Recent MIT CISR research suggests that digital business transformations may be beginning to stall. In 2017, companies in our research reported their transformations were 33 percent complete. Two years later, completion was at 50 percent. But in 2022, companies’ transformations had progressed only to 55 percent complete.[foot]Based on responses to the MIT CISR 2017 Pathways to Digital Business Transformation Survey (n=413), the MIT CISR 2019 Top Management Teams and Transformation Survey (n=1,311), and the MIT CISR 2022 Future Ready Survey (n=721). We asked companies to assess how far along they were in their digital business transformation (their percentage complete) based on what they had proposed to the board. See Stephanie L. Woerner, Peter Weill, and Ina M. Sebastian, Future Ready: The Four Pathways to Capturing Digital Value (Boston: Harvard Business Review Press, 2022).[/foot]
A key challenge for digital leaders struggling to generate momentum—consistent, ongoing progress—in a transformation is motivating other business leaders at their company to commit to new goals and practices. To develop this commitment, digital leaders must overcome organizational inertia, which we define as when organizations resist change by holding on to existing approaches that have proven successful.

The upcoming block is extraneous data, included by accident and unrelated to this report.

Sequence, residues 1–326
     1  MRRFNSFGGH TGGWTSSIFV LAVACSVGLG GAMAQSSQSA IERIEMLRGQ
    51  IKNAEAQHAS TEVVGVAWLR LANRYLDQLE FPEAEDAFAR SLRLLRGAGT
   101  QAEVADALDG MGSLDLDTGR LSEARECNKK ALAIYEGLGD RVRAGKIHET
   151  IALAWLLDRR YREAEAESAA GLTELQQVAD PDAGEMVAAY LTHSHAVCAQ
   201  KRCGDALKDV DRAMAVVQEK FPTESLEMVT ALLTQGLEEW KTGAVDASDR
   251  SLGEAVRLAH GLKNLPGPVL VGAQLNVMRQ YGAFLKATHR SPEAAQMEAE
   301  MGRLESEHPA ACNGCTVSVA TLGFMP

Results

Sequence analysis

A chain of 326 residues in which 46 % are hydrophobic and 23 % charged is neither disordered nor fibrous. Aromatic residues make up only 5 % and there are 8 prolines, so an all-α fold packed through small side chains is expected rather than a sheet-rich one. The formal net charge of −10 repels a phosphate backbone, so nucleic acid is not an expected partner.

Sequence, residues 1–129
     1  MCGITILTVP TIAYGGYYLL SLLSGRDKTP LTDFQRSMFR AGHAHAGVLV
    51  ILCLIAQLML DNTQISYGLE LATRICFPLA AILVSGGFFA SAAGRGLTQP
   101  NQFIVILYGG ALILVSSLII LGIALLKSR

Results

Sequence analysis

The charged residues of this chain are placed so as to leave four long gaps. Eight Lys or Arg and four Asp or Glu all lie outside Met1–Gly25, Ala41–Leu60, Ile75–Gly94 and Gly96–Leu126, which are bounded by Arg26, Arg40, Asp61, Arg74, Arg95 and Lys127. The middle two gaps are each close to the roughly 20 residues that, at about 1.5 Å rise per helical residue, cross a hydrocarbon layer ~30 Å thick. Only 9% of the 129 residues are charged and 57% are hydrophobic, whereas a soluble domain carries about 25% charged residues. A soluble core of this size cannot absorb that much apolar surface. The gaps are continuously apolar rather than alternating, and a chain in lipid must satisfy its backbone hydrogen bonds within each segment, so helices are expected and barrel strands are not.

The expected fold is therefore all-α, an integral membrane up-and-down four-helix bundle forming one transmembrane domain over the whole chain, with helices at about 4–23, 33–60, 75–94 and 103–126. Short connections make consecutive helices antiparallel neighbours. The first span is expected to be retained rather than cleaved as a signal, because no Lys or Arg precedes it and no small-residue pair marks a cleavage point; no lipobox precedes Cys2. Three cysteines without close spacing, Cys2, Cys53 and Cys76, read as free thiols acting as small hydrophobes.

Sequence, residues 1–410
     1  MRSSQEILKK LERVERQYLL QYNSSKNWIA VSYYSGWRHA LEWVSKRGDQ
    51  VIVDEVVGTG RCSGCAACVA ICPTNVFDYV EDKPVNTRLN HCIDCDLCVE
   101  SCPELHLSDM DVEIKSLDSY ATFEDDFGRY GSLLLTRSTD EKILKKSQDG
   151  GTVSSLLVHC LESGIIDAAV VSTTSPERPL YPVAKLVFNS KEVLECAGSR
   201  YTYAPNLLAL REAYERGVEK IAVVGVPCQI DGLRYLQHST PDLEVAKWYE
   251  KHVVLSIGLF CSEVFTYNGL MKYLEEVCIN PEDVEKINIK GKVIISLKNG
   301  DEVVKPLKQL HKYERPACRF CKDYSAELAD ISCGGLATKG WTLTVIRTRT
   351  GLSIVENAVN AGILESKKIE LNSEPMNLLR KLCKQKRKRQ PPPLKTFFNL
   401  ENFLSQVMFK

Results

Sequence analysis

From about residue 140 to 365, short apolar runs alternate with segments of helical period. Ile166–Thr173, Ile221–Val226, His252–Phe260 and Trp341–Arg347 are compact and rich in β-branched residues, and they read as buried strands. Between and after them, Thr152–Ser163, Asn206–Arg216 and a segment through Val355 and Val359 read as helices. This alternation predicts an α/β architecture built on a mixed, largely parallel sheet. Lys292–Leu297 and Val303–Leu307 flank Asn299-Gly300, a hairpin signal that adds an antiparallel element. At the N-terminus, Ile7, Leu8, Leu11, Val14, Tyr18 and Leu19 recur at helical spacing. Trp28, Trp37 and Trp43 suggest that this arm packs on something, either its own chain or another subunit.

Organizational inertia is not inherently negative. It develops as a company creates value using established practices—for example, those it implemented to promote efficient operations. But when companies focus only on iterating existing successful practices rather than on exploring new ways to realize value using digital technologies, they risk losing value to disrupters that offer customers better or faster solutions to their needs.[foot] Academics have explored organizational inertia challenges in research publications such as Clayton M. Christensen, The Innovator's Dilemma: When New Technologies Cause Great Firms to Fail (Boston: Harvard Business School Press, 1997) and James G. March, “Exploration and Exploitation in Organizational Learning,“ Organization Science 2, no.1 (February 1991): 71–87.[/foot]
In this research briefing we aim to help leaders understand organizational inertia in digital business transformations. We propose three actions to generate momentum in transformations, and illustrate the actions using a case study from WABCO and ZF.